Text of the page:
The Spanish Government is calling for a joint EU-wide response to airline bailouts. European economy minister Nadia Calvino said in an interview today that a more joined-up approach is needed to “level the playing field.” She further raised concerns about the future competitivity of the European aviation market if EU airline bailouts are allowed to continue in isolation.
A joined-up approach is needed
As airlines around Europe reach out for support from their various national governments, Spain’s economy minister Nadia Calvino has called for a more joined-up approach. In a statement today, she raised the idea of a ‘European Reconstruction Fund’ to ensure that no EU country comes out of the crisis more in debt than any other.
In particular, she has called for a leveling of the playing field in regards to airline bailouts. She says that countries with deeper pockets should not be allowed to give higher levels of aid to their airlines where poorer nations are unable to respond similarly. During an interview on Bloomberg TV, Calvino said,
“All these large carriers are not one nationality or another, they are European carriers. And that’s why we are strongly defending that we would provide a level playing field and, with different sorts of support, provide a similar level of funding and similar level of credibility and strength to the different operators so that we do not create competition problems at the end of the day.”
Calvino stated that the Spanish government is confident that economic recovery will be rapid through the second half of the year, although it will have been severely damaged. She further reaffirmed Spain’s own commitment to supporting its airlines, but raised questions over the future competitivity of EU aviation in general if bailouts are allowed to continue autonomously.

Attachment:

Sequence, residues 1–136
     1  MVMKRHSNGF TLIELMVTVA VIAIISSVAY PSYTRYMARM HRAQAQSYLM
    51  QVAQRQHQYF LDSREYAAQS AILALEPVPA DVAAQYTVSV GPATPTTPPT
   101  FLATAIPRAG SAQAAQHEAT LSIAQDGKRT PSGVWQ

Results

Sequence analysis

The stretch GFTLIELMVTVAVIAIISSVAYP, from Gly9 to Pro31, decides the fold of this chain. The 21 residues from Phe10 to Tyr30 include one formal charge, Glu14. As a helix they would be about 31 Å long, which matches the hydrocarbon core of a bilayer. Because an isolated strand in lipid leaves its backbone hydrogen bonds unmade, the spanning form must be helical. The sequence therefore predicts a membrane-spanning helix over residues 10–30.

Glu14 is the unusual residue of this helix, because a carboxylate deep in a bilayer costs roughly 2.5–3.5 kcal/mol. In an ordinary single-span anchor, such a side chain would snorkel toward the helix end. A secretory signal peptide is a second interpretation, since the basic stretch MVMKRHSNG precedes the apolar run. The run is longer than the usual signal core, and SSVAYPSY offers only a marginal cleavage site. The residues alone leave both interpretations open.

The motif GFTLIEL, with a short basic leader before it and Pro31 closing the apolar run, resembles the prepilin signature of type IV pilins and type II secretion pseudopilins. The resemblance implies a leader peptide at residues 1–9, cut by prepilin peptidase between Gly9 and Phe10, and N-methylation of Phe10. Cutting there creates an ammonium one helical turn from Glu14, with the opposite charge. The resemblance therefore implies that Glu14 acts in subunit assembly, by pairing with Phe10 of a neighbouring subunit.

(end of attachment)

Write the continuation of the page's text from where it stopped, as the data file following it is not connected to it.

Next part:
Is the playing field level?
It would seem that the Spanish minister’s take on the situation is reasonably accurate. Although Spain recently granted a €1bn ($1.1bn) bailout to its own IAG airlines Iberia and Vueling, this pales into insignificance when compared to the €9 billion ($9.7bn) currently under negotiation for Lufthansa.
Already, EU airlines have been told they must continue to issue cash refunds during the coronavirus crisis in order to remain compliant under EU 261. While some carriers are incentivizing passengers to accept credit vouchers instead of cash refunds, passengers still have the right to ask for their money back.
This is only adding to the cash crunch at airlines, who are estimated to have collectively requested some €30bn ($32bn) in state support in various forms. Last week, European low-cost giant Ryanair hit out at these requests, calling it ‘state aid doping’ and branding the support ‘unfair.’
Calvino further said that,
“The European Commission is keeping a very close eye to make sure there is no breach of the competition rules and that we don’t end up with a very unlevel playing field because of the different capacity of government to support the different airlines. They are all hit in the same manner. We should provide a European response.”
While the current situation is that bailouts are very much happening on a national level, both Ryanair and the Spanish minister raise a valid concern. How can airlines remain competitive post-COVID-19 if they’ve secured such wildly different levels of support during this challenging period?
Do you think a more joined-up approach to EU airline bailouts is necessary to ensure a healthy aviation industry going forward? Let us know your thoughts in the comments.